In early 2013, the city’s Law Department echoed those views. “The case is not about whether the teens were wrongly convicted,” a department spokeswoman said. “It’s about whether prosecutors and police deliberately engaged in misconduct.”

But in January, lawyers for Mr. de Blasio asked the court to delay the litigation, so the new corporation counsel, Zachary W. Carter, could “get up to speed on the facts and the circumstances” of the case. Later, the mayor said Mr. Carter was “committed to making sure we get to that settlement quickly, some complicated issues, but we’re going to work through them very, very quickly.”

If the proposed settlement is approved by the comptroller, Scott M. Stringer, it would then be submitted for approval to U.S. District Judge Deborah A. Batts in Manhattan. In 2007, Judge Batts rejected the city’s motion to dismiss the suit and allowed most of the claims to proceed.

In such settlements, the city typically does not admit liability or wrongdoing; and any settlement with the five men would presumably include the legal fees and costs. Aides to Mr. de Blasio, Mr. Carter and Mr. Stringer all declined to comment Thursday when asked about the discussions, as did Jonathan C. Moore, a lawyer representing four of the men. A lawyer for the fifth man did not return a message seeking comment.

Over the years, the men have consistently maintained their innocence in the rape of the jogger, Trisha Meili, who was left with no memory of the attack. (Ms. Meili, a 1978 Upper St. Clair High School graduate who turns 54 Tuesday, revealed her identity as she published a 2003 memoir, “I Am the Central Park Jogger.”)

In prison, three of the men — Mr. Richardson, Mr. Salaam and Mr. Santana — maintained their innocence of the rape at parole hearings, where such a stance hurt their chances at a reduced term. At the hearings, the men acknowledged being in the park as part of a group of teenagers, some of whom committed assaults unrelated to the attack on Ms. Meili, and most expressed regret for the events, without going into specifics, transcripts show.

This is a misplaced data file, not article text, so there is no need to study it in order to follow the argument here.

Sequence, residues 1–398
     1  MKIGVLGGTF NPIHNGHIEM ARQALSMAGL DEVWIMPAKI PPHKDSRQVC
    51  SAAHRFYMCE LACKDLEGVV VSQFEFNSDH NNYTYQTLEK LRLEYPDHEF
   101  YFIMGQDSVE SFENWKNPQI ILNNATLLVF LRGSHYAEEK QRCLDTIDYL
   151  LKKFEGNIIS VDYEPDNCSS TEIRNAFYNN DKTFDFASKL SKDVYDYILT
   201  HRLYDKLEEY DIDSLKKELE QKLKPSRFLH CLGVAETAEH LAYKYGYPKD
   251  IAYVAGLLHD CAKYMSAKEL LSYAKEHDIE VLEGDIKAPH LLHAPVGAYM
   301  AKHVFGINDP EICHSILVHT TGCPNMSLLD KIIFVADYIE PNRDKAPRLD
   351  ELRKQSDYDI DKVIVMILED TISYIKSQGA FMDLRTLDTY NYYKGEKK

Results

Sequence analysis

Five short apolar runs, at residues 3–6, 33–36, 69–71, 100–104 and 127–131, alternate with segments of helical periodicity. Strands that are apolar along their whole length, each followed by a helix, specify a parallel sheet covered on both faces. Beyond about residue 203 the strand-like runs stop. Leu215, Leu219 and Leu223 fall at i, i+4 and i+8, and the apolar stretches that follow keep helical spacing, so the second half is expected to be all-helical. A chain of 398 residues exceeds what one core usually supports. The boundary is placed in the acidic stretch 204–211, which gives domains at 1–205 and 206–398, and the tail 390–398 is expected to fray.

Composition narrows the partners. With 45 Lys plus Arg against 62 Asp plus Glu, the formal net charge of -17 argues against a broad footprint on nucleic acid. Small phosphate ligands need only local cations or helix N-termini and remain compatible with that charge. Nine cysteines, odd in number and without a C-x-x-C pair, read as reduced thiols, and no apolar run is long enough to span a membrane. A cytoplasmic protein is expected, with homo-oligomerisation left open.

Mr. Santana indicated in his hearing that the larger group was out to rob people. “I took part in with the beatings of that man,” he said of one victim, adding, “If I could go back in time and not do it again, you know, it would have been a whole different story.”

The men’s lawyers have long said their clients committed no crimes in the park that night.

In recent years, the case remained in the public eye, largely through a documentary, “The Central Park Five,” made by filmmakers Ken Burns; his daughter, Sarah Burns; and her husband, David McMahon.

As recently as last Friday night, about 100 people gathered at the Brown Memorial Baptist Church in Brooklyn to view the film and to hear a talk by one of the men, Mr. Salaam. He described the stigma of living with the brand of being a rapist. “It wasn’t a popular thing to be one of us,” he said. The film, he added, “really gave us our lives back.”

At one point, he addressed the lawsuit. “Mayor de Blasio has said that he will settle this case for us, and there has been some positive motion,” Mr. Salaam said, adding, “We’ve been waiting for 25 years for justice.”

United States - North America - New York City - New York - Michael Bloomberg - Manhattan - Ken Burns - Scott Stringer - Bill de Blasio - Sarah Burns